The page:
same for the entire Vodou community in support of the rationally understood 

Let us be a little bit more prosaic now and say that all Vodouists, no matter 
who or where they are, no matter when did that happened, will see Legba 
Atibon as an old man who is "goodness divinized". His goodness is what 
doesn't even allow Him to stay in a single place. That is why He keeps on 
going everywhere in the "Gran chemen la vi a" or the great road of life to 
deliver to all his good and salutary advises. He needs very little or any 
sacrifices and his makout or Ralfo (bag), far from being deposited on a table 
in the sacred place called "badji" is simply hung at the door. He provides 
his wisdom to all who need it. He is the "archetype"of communication.
Ayizan is another one of the 401 archetypes. She is the one who conveys the 
sense of roots (racine) and of fidelity to the Ancestral Tradition. She is 
the divine model of moral Force, virtue and rectitude. That is why She is 
consequently represented by the Royal palm all over Haiti (north, south, east 
or west, even in the arms of the Republic).
Danballa and Ayida Wedo are perceived by all as the two divine snakes who 
together symbolize the fact that true Power are born from the "nobility of 
the mind": Knowledge. Their coiling in spiral and the cosmic egg reminds 
everyone that everything that has life obeys to certain patterns known as 
"rhythms or cycles."

Ogou Fè Feray and His machete, Goubasa, are other divinities who project the 
idea of Soul forces, the kind of force that allows anyone to face the many 
challenges of life. As a good father, Vodouists know that they may always 
count on Papa Ogou's assistance in all difficult situations.
Ezili, in my opinion, is a well deserved testimonial rendered to all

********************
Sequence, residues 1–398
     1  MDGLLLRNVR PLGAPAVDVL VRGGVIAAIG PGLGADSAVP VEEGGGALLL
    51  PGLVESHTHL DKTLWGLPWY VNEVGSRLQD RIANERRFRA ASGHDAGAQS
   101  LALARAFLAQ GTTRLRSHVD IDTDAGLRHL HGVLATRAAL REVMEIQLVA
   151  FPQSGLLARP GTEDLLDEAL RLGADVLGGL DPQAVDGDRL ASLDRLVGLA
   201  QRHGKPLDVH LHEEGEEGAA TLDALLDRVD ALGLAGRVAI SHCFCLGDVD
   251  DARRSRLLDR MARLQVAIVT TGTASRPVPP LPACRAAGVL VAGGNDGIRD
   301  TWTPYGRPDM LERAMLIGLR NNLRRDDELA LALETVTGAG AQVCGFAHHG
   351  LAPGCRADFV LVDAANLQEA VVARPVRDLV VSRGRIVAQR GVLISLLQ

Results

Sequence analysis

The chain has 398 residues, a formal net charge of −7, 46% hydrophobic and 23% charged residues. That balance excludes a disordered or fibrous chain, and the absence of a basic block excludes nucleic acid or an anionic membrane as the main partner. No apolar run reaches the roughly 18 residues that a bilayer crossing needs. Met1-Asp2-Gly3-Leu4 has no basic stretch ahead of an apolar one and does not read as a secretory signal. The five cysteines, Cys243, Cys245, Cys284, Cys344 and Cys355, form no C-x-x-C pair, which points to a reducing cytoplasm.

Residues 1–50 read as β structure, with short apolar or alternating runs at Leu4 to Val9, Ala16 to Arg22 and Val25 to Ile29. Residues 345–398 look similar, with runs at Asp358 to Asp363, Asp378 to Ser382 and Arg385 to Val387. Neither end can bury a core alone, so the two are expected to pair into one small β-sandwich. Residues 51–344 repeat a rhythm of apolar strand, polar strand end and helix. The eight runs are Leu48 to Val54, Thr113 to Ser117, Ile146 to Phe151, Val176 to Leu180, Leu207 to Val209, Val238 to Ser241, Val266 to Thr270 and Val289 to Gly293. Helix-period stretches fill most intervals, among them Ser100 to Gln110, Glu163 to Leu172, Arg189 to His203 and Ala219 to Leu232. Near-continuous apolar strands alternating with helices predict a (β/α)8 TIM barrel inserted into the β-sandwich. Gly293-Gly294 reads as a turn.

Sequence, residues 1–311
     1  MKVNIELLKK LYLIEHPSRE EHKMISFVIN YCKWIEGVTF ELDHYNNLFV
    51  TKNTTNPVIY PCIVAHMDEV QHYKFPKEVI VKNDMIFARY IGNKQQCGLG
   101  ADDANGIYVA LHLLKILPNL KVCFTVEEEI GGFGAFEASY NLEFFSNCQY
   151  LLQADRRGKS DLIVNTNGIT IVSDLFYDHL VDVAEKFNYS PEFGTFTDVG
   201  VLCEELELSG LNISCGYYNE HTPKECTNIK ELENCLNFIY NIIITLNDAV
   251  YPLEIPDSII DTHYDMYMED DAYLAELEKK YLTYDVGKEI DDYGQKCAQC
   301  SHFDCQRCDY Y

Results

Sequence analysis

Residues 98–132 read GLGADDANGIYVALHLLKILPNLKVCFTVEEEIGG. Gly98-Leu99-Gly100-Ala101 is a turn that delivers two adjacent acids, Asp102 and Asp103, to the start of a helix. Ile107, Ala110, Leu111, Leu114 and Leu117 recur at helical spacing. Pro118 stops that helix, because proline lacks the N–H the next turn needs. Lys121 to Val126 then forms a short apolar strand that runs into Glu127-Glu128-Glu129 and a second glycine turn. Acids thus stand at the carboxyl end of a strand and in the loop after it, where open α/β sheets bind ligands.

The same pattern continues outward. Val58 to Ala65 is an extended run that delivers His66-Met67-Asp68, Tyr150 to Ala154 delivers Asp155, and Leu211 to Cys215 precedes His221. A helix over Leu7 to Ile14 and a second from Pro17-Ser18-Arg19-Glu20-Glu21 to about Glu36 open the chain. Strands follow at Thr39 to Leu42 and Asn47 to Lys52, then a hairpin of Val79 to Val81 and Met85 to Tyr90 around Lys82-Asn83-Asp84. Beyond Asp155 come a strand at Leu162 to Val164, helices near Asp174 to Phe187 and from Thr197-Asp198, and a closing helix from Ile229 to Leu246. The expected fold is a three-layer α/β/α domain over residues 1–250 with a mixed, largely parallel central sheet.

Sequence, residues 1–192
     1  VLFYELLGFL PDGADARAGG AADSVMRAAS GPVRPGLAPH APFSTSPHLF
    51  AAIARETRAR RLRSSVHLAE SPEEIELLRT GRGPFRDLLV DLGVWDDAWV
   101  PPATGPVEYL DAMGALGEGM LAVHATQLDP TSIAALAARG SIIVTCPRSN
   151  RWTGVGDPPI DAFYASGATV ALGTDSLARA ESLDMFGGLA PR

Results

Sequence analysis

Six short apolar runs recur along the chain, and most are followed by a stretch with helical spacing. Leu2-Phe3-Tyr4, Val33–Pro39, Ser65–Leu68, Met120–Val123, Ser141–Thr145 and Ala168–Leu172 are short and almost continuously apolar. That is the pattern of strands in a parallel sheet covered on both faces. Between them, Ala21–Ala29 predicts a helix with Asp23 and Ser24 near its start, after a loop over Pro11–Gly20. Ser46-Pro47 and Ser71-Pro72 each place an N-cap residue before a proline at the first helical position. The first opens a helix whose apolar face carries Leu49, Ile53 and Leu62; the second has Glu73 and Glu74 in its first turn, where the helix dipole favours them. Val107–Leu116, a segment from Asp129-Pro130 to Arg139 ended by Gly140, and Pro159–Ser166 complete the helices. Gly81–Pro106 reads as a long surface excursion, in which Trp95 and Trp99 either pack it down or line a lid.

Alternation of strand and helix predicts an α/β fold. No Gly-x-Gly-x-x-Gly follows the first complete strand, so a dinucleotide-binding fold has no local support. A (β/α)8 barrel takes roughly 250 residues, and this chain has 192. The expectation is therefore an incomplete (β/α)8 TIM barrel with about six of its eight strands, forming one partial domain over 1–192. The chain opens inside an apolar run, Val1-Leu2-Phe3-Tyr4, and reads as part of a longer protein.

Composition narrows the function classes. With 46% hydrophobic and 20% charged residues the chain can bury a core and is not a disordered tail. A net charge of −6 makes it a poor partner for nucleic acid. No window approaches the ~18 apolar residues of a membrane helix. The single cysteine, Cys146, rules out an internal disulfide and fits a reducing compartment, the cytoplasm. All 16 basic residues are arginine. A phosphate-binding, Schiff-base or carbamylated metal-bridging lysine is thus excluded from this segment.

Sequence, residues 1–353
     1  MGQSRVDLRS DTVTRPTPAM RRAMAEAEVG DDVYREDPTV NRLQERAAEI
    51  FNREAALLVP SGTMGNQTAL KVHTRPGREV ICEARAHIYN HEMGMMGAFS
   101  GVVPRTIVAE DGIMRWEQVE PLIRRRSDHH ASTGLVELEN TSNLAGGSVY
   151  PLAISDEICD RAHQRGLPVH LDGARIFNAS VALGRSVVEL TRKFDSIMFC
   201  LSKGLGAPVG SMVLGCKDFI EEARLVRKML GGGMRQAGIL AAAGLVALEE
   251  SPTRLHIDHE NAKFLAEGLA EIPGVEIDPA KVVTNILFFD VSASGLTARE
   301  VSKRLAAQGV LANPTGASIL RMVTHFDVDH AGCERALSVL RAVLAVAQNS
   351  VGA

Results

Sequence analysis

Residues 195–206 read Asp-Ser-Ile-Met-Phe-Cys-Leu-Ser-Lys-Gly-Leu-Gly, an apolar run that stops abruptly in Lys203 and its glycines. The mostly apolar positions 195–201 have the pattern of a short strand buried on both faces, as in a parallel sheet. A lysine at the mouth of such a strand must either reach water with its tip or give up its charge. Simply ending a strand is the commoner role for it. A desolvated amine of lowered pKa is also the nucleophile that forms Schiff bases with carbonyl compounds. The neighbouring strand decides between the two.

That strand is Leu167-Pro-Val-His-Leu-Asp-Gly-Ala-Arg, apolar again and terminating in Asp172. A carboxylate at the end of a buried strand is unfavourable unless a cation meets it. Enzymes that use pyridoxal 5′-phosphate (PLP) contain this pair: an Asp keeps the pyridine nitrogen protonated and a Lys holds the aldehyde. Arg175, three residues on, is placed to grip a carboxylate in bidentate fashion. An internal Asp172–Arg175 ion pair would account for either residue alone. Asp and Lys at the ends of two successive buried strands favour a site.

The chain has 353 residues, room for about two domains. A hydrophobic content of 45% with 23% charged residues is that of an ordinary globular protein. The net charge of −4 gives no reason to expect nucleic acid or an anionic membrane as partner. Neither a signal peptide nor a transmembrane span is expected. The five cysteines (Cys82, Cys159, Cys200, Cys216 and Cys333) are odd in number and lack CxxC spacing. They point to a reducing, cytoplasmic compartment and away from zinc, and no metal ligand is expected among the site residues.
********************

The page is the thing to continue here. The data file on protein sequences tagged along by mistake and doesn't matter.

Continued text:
womanhood. She projects the idea of the divine provider, of love in 
abundance, of generosity and compassion.

Azaka Mede is the courage necessary for the good performance of all work. The 
Haitian society being greatly agrarian, His image is often perceived as being 
one of a good countryman and agriculturalist. However, that archetype 
includes the one of those who perform intellectual work.
All these very general and abstract ideas such as work, courage, love, 
goodness, generosity, compassion, cycle and rhythms of life, force, 
rectitude, virtue, loyalty, fidelity to one's tradition, respect due to 
Ancestors, respect for the elders... etc., are reproduced into these 
spiritual and intellectual examples, or archetypes, and made acting during 
the ceremonies. The sum of them, put together, is precisely what I feel 
should be called "the Haitian collective unconscious."

Is it by pure hazard or by chance that the social system and the economic 
system of production of the Haitian people centered on or around a well known 
theme or concept called Koumbit, or is it because the Haitian collective 
unconscious has retained a particular convention which states that "all the 
children of the Ancestors must work together the land of their Ancestors?"
Anyone is free to decide what should be the proper answer to these questions. 
But any Dahomean of Fon origin, or people from the Republic of Benin, will 
readily tell you that such an expression is only the pure translation of the 
word "o'Koun-bi-to" or "o'Koun-vi-to", the preceding o' being only an article.
In this discussion, I have not made use of the word "avatar," as suggested by 
Dr. Christophe. The reason is that I know that it indicates the incarnation 
of a god in Hindu mythology. But, since I have never studied this system of 
thoughts, I am not sure to have comprehended all of the implications and 
connotations of the word.

I wish success to the Haitian Institute of Washington's program and I will do 
my best to attend that meeting of March 4.

Sincerely yours,

Max Beauvoir